He told us: “Money has to come from additional resources from the Welsh Government. It is its responsibility to set standards and ensure services are appropriately funded. Local government services need investment, and social care must be a priority for investment.
“Part of the solution must be a fairer funding formula for the Welsh Government. The current one doesn’t work as it doesn’t take account of need and the make-up of Wales’ ageing population.
“However, the Welsh Government already has some fiscal powers to raise the money needed to fund this essential change. Nobody is proposing to use those powers when considering social care, however.
“At the end of the day, it’s a question of priorities. The last year has shown how important social care is and how much we all rely upon it.
“We’ve all got a stake in seeing social care improve. That means making social care a more attractive, better-paid career. The social care workforce is ageing and needs to be refreshed with younger entrants with clear professional development opportunities.
“There are mechanisms available to increase the pot available for social care and to re-prioritise the existing pot to reach UNISON’s goal.
“As a union, we expect this to be the number one priority for the new Welsh Government after May 6.”
PLAID PLEDGES ACTION ON CARE
Launching his Party’s policy on social care, Plaid leader Adam Price said: “One of my first acts as First Minister leading a Plaid Cymru government would be to establish a Commission to explore ways in which we could source extra money to fund the creation of a seamless Health and Social Care Service, free at the point of need.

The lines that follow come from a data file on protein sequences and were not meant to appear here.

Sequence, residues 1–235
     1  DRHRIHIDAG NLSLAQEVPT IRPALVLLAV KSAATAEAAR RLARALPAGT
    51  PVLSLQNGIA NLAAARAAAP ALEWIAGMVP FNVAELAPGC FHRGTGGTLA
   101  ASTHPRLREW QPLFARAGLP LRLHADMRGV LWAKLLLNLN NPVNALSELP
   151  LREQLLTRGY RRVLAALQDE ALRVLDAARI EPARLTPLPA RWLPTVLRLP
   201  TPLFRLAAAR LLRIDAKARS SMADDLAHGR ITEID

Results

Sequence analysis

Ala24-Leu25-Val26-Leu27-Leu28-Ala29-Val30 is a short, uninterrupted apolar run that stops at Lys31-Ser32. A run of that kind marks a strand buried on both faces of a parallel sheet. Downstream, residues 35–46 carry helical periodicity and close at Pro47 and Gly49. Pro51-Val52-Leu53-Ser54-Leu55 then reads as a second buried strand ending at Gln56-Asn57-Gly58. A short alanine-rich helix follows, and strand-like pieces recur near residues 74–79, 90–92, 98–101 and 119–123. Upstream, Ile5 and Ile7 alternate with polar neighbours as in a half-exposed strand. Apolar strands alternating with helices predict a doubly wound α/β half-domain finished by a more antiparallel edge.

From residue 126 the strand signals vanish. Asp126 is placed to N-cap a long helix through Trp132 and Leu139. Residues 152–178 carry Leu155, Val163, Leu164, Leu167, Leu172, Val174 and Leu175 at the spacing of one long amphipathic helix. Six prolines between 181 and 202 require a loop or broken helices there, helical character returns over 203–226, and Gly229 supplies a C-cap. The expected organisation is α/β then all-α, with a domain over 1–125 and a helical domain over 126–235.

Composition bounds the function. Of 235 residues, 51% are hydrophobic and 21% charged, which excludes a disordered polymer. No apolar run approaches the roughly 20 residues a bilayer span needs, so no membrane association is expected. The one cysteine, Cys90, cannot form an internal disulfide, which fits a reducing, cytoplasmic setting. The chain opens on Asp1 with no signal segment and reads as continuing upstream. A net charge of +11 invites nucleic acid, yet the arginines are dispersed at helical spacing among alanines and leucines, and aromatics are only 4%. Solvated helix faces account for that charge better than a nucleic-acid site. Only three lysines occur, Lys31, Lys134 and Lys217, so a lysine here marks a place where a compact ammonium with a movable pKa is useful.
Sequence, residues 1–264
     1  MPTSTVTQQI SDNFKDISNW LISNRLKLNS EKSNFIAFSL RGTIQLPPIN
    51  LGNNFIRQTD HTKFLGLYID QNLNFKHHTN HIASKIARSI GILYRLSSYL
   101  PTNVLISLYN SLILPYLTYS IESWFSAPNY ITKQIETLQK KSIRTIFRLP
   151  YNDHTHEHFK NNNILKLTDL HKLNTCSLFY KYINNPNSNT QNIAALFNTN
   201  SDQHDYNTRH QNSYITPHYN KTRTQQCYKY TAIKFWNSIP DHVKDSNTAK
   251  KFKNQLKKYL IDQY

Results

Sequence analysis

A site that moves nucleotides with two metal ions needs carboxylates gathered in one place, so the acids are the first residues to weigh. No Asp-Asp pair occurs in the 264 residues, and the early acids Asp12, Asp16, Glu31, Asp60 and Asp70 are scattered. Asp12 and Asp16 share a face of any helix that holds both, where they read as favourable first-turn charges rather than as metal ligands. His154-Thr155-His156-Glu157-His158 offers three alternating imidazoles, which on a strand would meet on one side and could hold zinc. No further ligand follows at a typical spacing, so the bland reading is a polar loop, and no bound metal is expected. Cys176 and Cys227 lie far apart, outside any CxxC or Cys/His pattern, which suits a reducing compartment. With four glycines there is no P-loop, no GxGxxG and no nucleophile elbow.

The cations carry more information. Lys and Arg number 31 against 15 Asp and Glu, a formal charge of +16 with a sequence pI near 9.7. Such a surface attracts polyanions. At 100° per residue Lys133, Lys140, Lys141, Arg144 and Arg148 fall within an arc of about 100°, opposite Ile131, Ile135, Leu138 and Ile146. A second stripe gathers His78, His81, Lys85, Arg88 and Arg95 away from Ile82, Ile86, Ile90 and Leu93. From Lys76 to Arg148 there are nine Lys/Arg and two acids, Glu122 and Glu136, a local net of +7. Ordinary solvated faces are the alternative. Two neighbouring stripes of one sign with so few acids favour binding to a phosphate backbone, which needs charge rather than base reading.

“The Commission would report within a year and consider Plaid Cymru’s preferred option of using general taxation and a levy-based Social Care Fund along the lines suggested by economist Gerald Holtham.
“A new National Health and Care Service would ensure the seamless integration of delivery on a local level, bringing together local government and health boards in new Regional Care Partnerships.
“Care assessment processes should and would focus on identifying personal care need, rather than the arbitrary definitions of ‘health’ or ‘social’ care.
“For the new Service to be a success, it must work for the carers as well as the cared for.
“This is why a Plaid government would also invest in the range and quality of care in the community by increasing the number of district nurses and nurses with a community masters’ degree and increasing nursing students’ placements in care homes alongside the development of career pathways in care for Older People and dementia care.
“We have also set out plans to bring care workers’ pay progressively into line with those of NHS staff, starting with making a £10 minimum wage mandatory for care workers.”
We invited Labour to respond to the poll and UNISON’s comments regarding its findings. However, the Party failed to either acknowledge or respond to our enquiry.
The Conservatives declined to comment ahead of their Manifesto launch, which the Party delayed following Prince Philip’s death.